Thousands of companies reveal gender pay gaps

From breweries to banks and airlines to accommodation — industries have revealed their pay gaps.

From breweries to banks and airlines to accommodation — industries have revealed their pay gaps. Photo: TND / AAP

Australia’s biggest pay gaps have been revealed for the first time, with airlines and banks exposed for salaries that heavily favour men while one male-focussed industry had a surprising result.

The data, published by the Workplace Gender Equality Agency (WGEA), included 5000 private employers with more than 100 workers in various industries — from breweries and banks to transport and warehousing.

It shows men earned more in 90 per cent or more of mining, electricity, water and waste services and financial and insurance services.

More than 80 per cent of those employers have a gap above 9.1 per cent. The national average is 21.7 per cent, equivalent to women earning $26,393 less than men annually.

There is also a link between more women in leadership roles and lower pay discrepancies, while employers with more women in management roles were 50 per cent more likely to have a neutral pay gap.

Australian airlines including Qantas, Jetstar and Virgin reported a median pay gap of 37 per cent, 43.7 per cent and 41.7 per cent respectively.

Qantas Group chief people officer Catherine Walsh said the data did not mean women were paid less than men to do the same jobs.

Rather there was significant under-representation of women in more highly paid roles such as pilots and engineers, jobs the airline was working to encourage more women into.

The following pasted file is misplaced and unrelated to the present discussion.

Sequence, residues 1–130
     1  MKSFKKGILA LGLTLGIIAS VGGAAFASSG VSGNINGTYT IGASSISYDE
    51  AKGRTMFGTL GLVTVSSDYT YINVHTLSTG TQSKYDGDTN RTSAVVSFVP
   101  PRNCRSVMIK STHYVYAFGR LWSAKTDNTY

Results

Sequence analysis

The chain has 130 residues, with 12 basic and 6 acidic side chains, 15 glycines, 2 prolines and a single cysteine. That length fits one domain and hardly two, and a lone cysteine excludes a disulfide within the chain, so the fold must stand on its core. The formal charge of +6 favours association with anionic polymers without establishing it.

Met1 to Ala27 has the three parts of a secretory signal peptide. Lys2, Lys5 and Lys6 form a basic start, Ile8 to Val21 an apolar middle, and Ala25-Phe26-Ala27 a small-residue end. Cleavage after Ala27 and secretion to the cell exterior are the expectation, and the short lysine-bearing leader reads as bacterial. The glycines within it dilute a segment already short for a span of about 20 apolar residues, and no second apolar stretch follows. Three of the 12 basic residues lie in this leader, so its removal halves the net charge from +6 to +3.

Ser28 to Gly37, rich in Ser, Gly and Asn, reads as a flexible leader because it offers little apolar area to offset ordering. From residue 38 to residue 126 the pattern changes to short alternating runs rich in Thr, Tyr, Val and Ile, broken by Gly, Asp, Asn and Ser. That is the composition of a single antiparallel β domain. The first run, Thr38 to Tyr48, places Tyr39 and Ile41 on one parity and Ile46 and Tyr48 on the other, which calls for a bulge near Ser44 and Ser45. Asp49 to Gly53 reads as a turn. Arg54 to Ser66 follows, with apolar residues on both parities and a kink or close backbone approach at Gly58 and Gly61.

“The years of training required for these roles means improving the gender balance of these work groups will take time,” Walsh said.

Banks also reported significant pay gaps in favour of men, including 18.8 per cent at NAB, 28.5 per cent at Westpac and 29.9 per cent at the Commonwealth Bank.

A CBA spokesperson said women reflected 54 per cent of the bank’s local workforce and 44 per cent of leadership roles.

But 71 per cent of customer service and operational roles, which typically have lower rates of pay, were held by women.

“CBA’s median pay gap reflects many factors influencing the gender pay gap more broadly, including the types of roles performed by women, the seniority of those roles and the composition of the workforce,” the spokesperson said.

Major brewer Lion, the maker of XXXX, Tooheys and Four Pillars gin, had a much lower median base pay gender gap of 1.4 per cent (or 8.4 per cent with bonuses and penalties).

The data has been broken down by industry into base salaries and total pay including superannuation, overtime and bonuses.

WGEA chief executive Mary Wooldridge said the data release, made possible by a legislative reform passed in 2023, was a significant step forward in understanding gender equality in Australian workplaces.

“Transparency and accountability is actually beneficial to employees, to the community and to the nation as a whole because gender equality is beneficial on all of those levels,” she said.

“(Pay gap reporting) is something that’s happened in other countries with very positive outcomes, and it’s a useful step in the journey to equality.”

While there was no legal requirement for organisations to reduce pay gaps in their organisation, Ms Wooldridge said employers who failed to act on the data would be disadvantaged.

“Employers can choose how they respond in relation to the publishing of this information, we’re not requiring them to do anything,” she said.

“But I think they fail to act on gender equality at their peril.

“Employers need to understand that this information can really be shaping the decisions of their future workforce.”

-with AAP

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